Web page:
Tuesday, April 17, 2012

Conveying a Character's Journey on the First Page of a Novel

Notes on Good Grief, a novel by Lolly Winston

by Bill Johnson

I teach that a story creates movement and the movement transports an audience. In many of the unpublished novels I read, I'm often 40 pages into a manuscript before I have any idea of a main character's journey. In some cases, I have to read to the end of a novel to understand that journey. This puts me (and readers) in the unfortunate position of needing to keep track of all the details about a character while I wait for some sense of purpose to become apparent. This makes reading a novel work.

Lolly Winston's novel Good Grief has a structure that clearly conveys the stages of grief that a young woman goes through when her husband dies and leaves her a widow. This external framework communicates that the novel has a clearly defined beginning, middle, and end. From its opening lines, the story has a destination.

Each stage of the main character's journey is divided into sections. The chapters in Part One are about denial, oreoes, anger, depression, escrow, and ashes. Each chapter that follows is about the main character's journey in dealing with her grief over her husband's death. The title, Good Grief, speaks to the narrator learning that there can be good grief (which revolves around passing through the stages of grief) and bad grief (getting stuck on the journey).

A review of the opening of Good Grief conveys how a main character's journey is set out.

The opening line:

How can I be a Widow?

The answer to this question comes in the opening paragraphs as the narrator sits in a grief support group. In a few paragraphs, the narrator explains why she's in the group.

My name is Sophie and I've joined the grief group because...well, because I sort of did a crazy thing. I drove my Honda through our garage door.

What's important about these lines is they show the narrator is not only in grief, she's being overwhelmed by grief. What set up the garage accident was an irrational thought that she needed to get into the house quickly to tell her husband something. Except he's deceased. She's in denial.

Continuing in a few paragraphs:

Maybe later I'll tell the group how I dream about Ethan every night. That he's still alive in the eastern standard time zone and if I fly to New York, I can see him for another three hours.

The narrator tries to deal with her grief by going back to work, but she quickly finds herself overwhelmed. In the past, when she felt overwhelmed, she called her husband. The chapter ends with these lines.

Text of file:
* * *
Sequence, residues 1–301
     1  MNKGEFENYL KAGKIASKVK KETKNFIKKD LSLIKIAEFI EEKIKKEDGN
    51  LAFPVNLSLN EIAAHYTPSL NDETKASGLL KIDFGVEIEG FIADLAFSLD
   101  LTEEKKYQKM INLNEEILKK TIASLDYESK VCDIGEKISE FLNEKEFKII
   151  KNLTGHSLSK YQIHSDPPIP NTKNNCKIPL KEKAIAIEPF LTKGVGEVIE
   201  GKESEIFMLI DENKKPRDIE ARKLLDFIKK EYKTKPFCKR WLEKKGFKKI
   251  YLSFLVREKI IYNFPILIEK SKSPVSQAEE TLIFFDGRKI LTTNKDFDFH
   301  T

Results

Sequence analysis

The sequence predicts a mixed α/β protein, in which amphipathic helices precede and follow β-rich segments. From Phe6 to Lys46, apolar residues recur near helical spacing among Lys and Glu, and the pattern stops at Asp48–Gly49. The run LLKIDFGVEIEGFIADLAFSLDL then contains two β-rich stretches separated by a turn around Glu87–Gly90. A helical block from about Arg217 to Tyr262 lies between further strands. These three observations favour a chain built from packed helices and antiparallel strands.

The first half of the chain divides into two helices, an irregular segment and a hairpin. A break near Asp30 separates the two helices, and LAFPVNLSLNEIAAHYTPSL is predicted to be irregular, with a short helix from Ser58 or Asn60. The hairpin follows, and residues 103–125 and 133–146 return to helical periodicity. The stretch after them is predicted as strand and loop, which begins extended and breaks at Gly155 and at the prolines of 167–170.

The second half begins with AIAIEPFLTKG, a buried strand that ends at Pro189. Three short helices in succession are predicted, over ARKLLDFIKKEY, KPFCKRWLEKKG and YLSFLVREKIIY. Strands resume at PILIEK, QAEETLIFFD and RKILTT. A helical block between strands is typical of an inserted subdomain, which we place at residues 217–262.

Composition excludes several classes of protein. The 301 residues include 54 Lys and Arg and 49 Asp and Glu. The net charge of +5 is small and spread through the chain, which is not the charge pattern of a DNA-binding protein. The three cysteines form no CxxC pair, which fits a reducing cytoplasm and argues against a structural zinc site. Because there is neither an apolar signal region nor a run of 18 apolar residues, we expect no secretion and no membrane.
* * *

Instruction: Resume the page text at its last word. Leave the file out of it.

The cursor on my computer screen pulses impatiently, and the red voice mail light on my phone flashes. My stomach growls and my head throbs. But I can't call my husband. Because, here's the thing: I am a widow.

She has started to come out of her denial about her husband's death. The first chapter is a clearly defined step on her journey through grief.

Each chapter continues that journey until the narrator has passed through good grief to being whole again.

Highly recommended for writers who want to learn about structure from reading a well-written novel.


Bill Johnson is the author of A Story is a Promise & The Spirit of Storytelling. Promise is about the mechanics of telling a story, Deep Characterization (a section of the book) is about how the mechanics break down when people write stories to process their personal issues in life). The Spirit of Storytelling is about how great storytelling relates to the conscious, subconscious, and superconscious minds. Available at Amazon  and Smashwords.

Sunday, April 15, 2012

Nancy Hill's The Dolltender Available on Kindle

When Natalie’s parents disappear into a mirror, she hides in a trunk that is soon purchased by an antique dealer and shipped to an antique store. She befriends the dolls living inside the shop who covet a chance to find a real family and home of their own. Together, Natalie and the dolls discover that home may be closer than they imagine.

The Dolltender is written by Nancy Hill, and all the photos that accompany the text are also shot by Nancy.

The book can be downloaded at http://www.amazon.com/The-Dolltender-Series-ebook/dp/B007TZ15M6/

To see more of Nancy's work, visit her photography website at http://www.nancyhillphotography.com

Nancy is a wonderful writer and photographer.

Monday, April 2, 2012

Jim Fergus Interview on Author's Road

Despite the successful sales of his book and novels, and his widespread fame in France, this is Jim Fergus’ first American interview – and we are so proud to share it with you.

It is also one of the most fun interviews we’ve conducted. Jim was spending the month in Southern Arizona, living in his Airstream trailer tucked in a horse pasture high up a desert mountain. He was using the time and quiet to work on the film script adaptation of his award winning, bestselling novel, One Thousand White Women, when we caught up with him. As we interviewed him, two horses moseyed over curious about what we were doing, and willing to offer their opinions. We won’t share with you their whinnies, neighs and stubborn head nods in the hope that you’ll allow your own tastes to judge the value of this insightful interview.

Jim tells of his upbringing and long desire and effort to become a novelist, a process that took much longer than he expected. For years he supported himself as a tennis pro and freelance journalist, and finally managed the time and focus to write his first book, a nonfiction work called, A Hunters Road. He also shares stories about how he has been treated as a writer in France, the increasing difficulties of publishing, and insights on the writing of his last American novel, The Wild Girl, as well as his latest novel, Marie Blanche, so far published only in France.

We are certain you’ll enjoy his candor and insights shared with us on a lovely day in the high Sonoran desert.

The Authors Road

George & Salli